Word Online doesn’t have all the features of Microsoft Office’s completely installed program. But this is a quick solution if you can’t edit in the offline tool.
4. Check if you’re using a Trial Version
Sometimes Word cannot execute certain functions owing to a trial version of Microsoft Office, which has expired.
In this case, you have reduced functionality on Word and other programs. In addition, during this phase, you won’t have access to most commands, so you cannot create, edit, or even save documents.
You can only view and print them. If you’re using a trial version that has expired, purchase a full Microsoft Office version, install it, and activate it to continue enjoying Word.
5. Use Undo
If you notice that your text is highlighted or frozen, this happens when the text is converted to a field. You can Undo or press the Ctrl + Z in this case simultaneously.
Check the Undo arrow at the top menu to see whether you had previously inserted a field. If this is the case, then Undo will resolve the issue. Otherwise, unlink the field using Ctrl + Shift + F9.
6. Assign permissions/Remove protection
There are instances when you open a document with Editing Restrictions from earlier Word versions, and as such, you cannot edit the record whether you have password permissions to it or not.
This issue happens whenever password protection is given to protect a Word document but not when using Information Rights Management.
Alternatively, you can use a good password manager from our list to avoid this issue.
Thankfully, versions from 2003 onward let you assign permissions to particular document parts for specific users, making the content read-only to some users when used.
Opening a file of this nature using earlier versions opens it under ‘protected’ status, which lets users comment but cannot edit.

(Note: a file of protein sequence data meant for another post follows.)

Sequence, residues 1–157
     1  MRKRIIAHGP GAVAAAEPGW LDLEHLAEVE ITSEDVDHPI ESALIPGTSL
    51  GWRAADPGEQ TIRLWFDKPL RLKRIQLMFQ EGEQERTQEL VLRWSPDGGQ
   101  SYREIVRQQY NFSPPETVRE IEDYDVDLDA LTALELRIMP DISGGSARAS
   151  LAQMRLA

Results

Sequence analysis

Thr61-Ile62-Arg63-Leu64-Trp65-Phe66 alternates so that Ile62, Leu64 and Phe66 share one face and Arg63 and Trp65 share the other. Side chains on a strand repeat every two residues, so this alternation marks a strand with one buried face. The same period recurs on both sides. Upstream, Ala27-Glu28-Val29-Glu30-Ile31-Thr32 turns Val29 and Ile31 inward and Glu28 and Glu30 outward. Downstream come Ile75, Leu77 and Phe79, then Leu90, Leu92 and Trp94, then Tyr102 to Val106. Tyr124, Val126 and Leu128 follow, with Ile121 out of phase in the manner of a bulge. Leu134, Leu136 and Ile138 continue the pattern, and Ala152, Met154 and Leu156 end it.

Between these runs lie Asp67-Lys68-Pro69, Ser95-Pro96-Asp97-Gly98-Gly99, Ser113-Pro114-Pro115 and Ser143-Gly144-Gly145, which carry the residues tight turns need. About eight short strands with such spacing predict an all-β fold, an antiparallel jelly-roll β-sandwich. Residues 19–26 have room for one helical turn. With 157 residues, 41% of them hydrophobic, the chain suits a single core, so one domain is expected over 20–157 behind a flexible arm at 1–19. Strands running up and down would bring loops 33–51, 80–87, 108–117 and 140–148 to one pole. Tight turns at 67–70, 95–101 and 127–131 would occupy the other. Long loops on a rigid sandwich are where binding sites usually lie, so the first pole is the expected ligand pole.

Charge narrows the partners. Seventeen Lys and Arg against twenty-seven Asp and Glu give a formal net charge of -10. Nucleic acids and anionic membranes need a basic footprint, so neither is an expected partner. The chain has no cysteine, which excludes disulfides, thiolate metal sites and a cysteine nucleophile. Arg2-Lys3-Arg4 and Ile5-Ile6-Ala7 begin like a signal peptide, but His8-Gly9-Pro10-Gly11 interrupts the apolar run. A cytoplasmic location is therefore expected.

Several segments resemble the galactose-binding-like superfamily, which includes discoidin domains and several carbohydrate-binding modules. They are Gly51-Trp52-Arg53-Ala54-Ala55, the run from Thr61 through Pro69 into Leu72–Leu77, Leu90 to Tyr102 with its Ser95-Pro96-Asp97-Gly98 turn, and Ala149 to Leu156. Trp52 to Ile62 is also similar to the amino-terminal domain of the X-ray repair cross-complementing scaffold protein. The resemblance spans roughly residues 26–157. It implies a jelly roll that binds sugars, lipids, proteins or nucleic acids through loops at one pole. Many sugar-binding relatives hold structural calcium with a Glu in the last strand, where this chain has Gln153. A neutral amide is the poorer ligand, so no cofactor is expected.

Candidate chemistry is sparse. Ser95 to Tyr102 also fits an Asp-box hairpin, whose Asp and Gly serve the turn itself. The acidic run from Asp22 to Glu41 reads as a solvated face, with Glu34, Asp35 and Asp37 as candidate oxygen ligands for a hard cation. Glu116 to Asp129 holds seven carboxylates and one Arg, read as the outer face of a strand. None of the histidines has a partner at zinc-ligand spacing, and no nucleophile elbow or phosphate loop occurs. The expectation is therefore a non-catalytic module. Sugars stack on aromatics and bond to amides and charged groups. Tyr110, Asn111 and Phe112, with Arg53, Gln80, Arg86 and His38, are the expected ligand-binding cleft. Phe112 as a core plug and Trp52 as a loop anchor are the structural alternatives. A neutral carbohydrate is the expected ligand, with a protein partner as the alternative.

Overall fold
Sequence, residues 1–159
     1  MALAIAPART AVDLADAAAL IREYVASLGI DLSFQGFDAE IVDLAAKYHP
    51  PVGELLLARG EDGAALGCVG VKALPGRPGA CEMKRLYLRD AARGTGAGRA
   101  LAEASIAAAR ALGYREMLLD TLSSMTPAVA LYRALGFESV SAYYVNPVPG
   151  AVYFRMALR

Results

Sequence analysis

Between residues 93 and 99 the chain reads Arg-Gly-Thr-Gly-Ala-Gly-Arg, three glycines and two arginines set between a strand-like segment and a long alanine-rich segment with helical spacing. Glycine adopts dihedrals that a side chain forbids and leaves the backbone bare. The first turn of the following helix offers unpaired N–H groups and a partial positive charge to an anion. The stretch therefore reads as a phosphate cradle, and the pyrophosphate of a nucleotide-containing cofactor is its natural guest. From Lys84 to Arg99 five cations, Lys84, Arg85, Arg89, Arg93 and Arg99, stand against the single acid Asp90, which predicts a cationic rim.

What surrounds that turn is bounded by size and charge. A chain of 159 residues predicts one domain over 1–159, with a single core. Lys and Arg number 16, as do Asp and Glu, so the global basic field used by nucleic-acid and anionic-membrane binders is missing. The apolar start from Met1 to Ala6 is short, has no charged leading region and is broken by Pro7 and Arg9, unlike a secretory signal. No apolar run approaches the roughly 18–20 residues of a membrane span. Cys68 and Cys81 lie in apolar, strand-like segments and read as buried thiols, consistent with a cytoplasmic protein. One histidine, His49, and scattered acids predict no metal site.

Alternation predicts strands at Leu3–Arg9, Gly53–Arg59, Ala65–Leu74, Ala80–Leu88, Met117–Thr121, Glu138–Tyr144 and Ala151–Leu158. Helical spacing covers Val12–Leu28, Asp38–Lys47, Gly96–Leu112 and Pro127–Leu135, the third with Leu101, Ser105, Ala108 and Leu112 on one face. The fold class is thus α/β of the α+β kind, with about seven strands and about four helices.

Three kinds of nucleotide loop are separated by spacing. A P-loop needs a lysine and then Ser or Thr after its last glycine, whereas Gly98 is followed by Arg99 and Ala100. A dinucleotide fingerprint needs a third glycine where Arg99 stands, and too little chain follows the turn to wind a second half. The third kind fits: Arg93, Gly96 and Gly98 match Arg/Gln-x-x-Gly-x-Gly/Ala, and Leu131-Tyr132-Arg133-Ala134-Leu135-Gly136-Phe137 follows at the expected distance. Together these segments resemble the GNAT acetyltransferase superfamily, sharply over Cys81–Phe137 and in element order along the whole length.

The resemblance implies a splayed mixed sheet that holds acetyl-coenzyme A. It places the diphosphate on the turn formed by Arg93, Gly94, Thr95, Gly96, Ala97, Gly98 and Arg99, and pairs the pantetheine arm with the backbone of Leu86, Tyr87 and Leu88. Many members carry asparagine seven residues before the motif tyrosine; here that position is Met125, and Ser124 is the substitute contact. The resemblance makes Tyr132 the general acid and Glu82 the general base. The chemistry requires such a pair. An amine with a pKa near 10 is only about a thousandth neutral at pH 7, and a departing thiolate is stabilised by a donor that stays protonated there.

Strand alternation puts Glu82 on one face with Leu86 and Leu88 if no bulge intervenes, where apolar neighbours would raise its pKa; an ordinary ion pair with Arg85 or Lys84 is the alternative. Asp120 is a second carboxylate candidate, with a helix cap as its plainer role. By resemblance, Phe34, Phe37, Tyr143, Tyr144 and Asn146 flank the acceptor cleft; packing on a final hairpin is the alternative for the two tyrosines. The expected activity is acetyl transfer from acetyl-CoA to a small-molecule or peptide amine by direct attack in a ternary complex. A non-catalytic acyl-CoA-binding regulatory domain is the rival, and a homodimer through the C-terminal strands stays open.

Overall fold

To remove such protections, here are the steps you can take:
For Word 2013, 2010
- Click File.
- Choose Options.
- Click Trust Center on the left pane.
- Click on Trust Center Settings.
- On the left pane, click Protected View.
- Uncheck all three boxes under Protected View.
- Click OK.
For Word 2007
- Click Review.
- Click Protect Document.
- Under Protect group, click Restrict Formatting and Editing.
- Click Stop Protection.
For Word 2003
- Go to the Tools menu.
- Click Unprotect.
7. Check if another user has the document open
Sometimes, the document you are trying to edit has been locked for editing by another user.
This happens whenever someone owns the file, or you try to use a document on a shared network, and another user has it opened.
If this is the case for you, note that these steps may vary based on your version of Microsoft Windows:
- Save all the work you have open.
- Quit all programs.
- Press Ctrl + Alt + Del to open Windows Security.
- Click Task Manager.
- Select Processes.
- Click Winword.exe, then End Process.
- Click Yes under the Task Manager Warning box.
If a message prompt comes up that the program is not responding, click End now, then continue with the following steps:
- Go to File.
- Click Exit Task Manager.
- Start Windows Explorer and go to the folder with the Word document you wanted to edit.
- Delete the file owner (a .doc file that looks like this: ~$cument.doc that is found in the same folder as the document you want to edit).
- Open Word.
- Click No if asked to load changes made to the template.
- Open your Word document.
Why is my Word document locked?
Here are a few reasons why your Word document is locked.
- The file is shared and two users simultaneously are editing it.
- Another instance of the Office app with the same file runs in the background.
- The file has been might be marked as Final and can no longer be updated.
If you managed to fix the problem, you might also be interested in our guide on how to remove page breaks in Word.
Did these solutions work for you? Or maybe there’s a specific issue you’re having with Word? Share with us, and we’ll endeavor to help you.